His work for the royal court, including the furnishing of the royal apartments in the Residenz (palace), earned Radspieler the title ‘Gilder to the Royal Bavarian Court’. The Radspieler company even made the throne for King Ludwig II and was involved in work on the famous winter garden above the Court Garden wing of the Residenz. Radspieler’s keen eye for quality and beauty obviously resulted in his use of the four ‘old figures’ for the festive carriage. But where did Radspieler first find these exquisite decorative objects?
In his monograph on Ignaz Günther published in 1920 Adolph Feulner aleady mentions that the angels from the Radspieler/Lippert Collection decorating the festive carriage had originally been in the private chapel of the Knöbl family which stood in Sendlinger Strasse in Munich. The art historian Hubert Wilm later cites the provenance given by Feulner in his own work. He points out that the angels had supported a portrait medallion of the monarch during the festive procession to honour King Ludwig. To match the figures and the frame they had been painted a golden-bronze colour.
The Ignaz-Günther expert, Adolph Feulner, may well have learnt of the figures’ Knöbl Chapel provenance from an oral source. A descendant of the Radspieler family, Peter von Seidlein, confirmed – to the Germanisches Nationalmuseum – that his grandparents had acquired a number of decorative objects when the Knöbl Chapel was demolished.
The chapel had been commissioned by Franz Joseph Knöbl, a member of the council ‘Äußere Rat’, a barber and surgeon. In 1745 he acquired a house, no. 30, in Sendlinger Strasse. That same year he had a chapel built there that was consecrated in 1746. At this time Ignaz Günther was still active in the workshop of Johann Baptist Straub. For this reason, it is therefore unlikely that Günther would have been personally commissioned to carry out the work. Evidence exists, however, that in 1759 Ignaz Günther was in contact with a Mr. Knöbl. In August that year a position for a priest was created for the Knöbl Chapel (the so-called Knöbl benefice). It is quite possible that Knöbl commissioned Günther to redesign the altar on this occasion. The chapel was demolished in 1882. According to oral tradition, the figures then came into the ownership of the Radspieler company.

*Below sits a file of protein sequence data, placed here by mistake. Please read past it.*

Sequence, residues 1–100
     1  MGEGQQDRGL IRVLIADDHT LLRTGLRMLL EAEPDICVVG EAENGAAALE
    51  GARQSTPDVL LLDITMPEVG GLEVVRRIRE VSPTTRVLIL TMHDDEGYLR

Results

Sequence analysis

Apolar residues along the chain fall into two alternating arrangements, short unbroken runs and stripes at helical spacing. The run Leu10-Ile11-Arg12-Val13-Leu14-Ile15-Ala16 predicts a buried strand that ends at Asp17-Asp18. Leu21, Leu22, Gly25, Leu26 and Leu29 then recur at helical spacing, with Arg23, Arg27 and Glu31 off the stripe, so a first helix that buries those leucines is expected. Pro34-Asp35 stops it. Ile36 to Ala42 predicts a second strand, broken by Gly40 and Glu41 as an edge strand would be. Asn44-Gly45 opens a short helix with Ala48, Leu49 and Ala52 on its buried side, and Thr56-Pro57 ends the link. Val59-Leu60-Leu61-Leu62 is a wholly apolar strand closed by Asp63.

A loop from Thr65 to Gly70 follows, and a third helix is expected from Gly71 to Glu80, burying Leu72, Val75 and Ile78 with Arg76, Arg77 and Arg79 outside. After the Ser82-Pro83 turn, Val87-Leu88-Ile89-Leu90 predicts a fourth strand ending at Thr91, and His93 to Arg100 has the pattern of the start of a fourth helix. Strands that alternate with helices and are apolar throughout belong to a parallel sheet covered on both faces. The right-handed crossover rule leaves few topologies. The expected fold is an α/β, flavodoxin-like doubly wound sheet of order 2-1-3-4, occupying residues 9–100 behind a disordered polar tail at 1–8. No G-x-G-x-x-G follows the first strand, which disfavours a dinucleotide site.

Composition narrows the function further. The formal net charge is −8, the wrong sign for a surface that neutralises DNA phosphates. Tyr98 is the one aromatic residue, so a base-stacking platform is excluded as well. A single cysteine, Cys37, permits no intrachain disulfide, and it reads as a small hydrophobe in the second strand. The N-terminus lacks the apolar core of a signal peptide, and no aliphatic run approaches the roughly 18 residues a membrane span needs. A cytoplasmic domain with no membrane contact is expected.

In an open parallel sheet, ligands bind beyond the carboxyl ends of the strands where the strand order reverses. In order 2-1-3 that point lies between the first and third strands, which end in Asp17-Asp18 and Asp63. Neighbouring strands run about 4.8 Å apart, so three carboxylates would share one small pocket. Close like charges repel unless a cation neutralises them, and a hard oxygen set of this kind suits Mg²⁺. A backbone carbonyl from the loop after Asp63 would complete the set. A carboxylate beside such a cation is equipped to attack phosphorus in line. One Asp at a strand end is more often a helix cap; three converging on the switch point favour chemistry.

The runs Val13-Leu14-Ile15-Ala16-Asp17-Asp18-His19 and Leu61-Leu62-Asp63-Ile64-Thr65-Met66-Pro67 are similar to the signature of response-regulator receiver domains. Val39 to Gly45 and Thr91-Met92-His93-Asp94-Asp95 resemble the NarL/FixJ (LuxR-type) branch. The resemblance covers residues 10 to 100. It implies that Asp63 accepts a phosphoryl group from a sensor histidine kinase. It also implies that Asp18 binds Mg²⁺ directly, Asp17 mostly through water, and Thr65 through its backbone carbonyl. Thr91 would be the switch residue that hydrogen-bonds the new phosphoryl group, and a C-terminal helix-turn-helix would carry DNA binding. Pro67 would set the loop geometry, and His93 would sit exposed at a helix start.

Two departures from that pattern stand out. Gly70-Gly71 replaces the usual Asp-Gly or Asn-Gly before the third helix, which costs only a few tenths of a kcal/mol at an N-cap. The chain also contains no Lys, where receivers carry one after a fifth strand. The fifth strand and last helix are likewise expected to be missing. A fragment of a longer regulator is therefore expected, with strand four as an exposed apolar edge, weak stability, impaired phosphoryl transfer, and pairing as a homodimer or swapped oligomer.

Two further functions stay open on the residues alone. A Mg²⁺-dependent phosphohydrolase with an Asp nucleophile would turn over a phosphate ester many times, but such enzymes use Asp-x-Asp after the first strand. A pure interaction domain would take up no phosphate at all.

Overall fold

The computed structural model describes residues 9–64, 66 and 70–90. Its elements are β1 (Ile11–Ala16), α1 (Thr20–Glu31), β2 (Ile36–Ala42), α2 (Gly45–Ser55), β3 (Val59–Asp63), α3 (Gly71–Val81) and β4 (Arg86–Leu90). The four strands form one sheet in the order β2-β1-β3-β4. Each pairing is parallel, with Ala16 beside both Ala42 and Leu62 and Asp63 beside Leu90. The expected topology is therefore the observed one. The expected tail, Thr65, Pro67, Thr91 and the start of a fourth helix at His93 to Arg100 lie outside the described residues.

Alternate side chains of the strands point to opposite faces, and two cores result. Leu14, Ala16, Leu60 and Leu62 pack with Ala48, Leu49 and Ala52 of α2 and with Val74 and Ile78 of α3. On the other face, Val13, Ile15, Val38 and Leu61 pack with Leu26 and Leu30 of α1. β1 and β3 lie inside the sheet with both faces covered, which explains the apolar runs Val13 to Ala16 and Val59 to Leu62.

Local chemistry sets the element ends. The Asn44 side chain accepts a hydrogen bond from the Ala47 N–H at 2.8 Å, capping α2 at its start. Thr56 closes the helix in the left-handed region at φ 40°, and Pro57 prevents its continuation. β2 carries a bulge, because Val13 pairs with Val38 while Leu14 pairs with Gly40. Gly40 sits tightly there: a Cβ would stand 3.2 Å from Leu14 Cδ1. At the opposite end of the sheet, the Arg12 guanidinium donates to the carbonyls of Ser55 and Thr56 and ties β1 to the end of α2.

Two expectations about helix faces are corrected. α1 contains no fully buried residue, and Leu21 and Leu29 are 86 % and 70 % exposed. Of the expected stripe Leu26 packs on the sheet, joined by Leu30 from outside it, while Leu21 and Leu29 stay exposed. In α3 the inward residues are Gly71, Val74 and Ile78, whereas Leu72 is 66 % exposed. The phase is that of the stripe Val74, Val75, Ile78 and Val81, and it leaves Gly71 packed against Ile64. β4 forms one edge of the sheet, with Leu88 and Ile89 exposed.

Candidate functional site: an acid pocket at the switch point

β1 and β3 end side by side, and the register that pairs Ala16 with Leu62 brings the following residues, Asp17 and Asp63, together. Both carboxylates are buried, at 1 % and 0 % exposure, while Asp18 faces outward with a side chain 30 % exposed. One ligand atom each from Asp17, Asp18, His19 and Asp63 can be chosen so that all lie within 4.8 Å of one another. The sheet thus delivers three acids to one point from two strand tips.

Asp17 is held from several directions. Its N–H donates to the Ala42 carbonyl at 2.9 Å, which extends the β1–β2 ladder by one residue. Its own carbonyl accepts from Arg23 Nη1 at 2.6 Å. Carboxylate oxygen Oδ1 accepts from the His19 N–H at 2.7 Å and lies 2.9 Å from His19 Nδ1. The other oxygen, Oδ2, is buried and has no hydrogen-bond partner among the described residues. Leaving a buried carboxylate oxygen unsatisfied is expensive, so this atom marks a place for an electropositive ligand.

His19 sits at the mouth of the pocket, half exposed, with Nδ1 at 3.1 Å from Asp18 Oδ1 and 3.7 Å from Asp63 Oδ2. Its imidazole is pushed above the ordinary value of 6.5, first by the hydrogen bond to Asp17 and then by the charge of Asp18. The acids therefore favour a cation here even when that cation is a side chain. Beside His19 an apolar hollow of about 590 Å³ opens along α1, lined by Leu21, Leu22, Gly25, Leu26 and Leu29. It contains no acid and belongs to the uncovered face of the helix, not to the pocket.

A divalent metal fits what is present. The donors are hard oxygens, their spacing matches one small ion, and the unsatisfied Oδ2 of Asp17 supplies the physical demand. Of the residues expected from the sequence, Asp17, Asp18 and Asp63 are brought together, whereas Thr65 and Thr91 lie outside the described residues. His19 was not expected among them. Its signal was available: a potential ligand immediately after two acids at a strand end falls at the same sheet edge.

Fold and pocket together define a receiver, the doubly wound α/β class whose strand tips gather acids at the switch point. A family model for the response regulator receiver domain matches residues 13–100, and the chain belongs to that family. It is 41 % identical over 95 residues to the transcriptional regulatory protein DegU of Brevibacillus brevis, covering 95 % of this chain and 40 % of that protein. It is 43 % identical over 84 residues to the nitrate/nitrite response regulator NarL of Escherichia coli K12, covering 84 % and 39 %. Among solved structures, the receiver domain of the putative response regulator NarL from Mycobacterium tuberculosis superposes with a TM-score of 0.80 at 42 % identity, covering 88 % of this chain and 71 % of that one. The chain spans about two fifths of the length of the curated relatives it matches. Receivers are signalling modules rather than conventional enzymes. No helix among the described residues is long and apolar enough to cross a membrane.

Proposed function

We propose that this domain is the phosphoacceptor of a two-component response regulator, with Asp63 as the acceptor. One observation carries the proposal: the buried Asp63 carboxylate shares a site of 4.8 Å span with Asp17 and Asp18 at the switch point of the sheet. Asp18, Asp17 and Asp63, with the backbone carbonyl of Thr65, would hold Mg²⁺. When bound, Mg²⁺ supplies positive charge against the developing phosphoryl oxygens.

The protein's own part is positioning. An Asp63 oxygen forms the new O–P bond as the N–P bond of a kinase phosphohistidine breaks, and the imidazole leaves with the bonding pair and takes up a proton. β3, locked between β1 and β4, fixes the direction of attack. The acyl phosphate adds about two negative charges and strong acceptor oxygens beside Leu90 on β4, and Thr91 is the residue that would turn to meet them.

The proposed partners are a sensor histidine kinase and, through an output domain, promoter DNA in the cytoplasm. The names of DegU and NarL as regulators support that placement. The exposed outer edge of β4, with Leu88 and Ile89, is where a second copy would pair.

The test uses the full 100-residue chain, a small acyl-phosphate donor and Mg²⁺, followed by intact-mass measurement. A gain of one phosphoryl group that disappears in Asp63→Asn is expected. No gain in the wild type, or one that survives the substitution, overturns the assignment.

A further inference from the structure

The somewhat convoluted provenance of the two putti with its adventurous twists and turns, from which the art-historical reception of works of the Bavarian Baroque era in the past 250 years can also be read, has largely been reconstructed in the course of our research work. One question, however, remains unanswered – namely the figures’ original iconographical and architectural context that, at present, cannot be solved without further evidence and source material.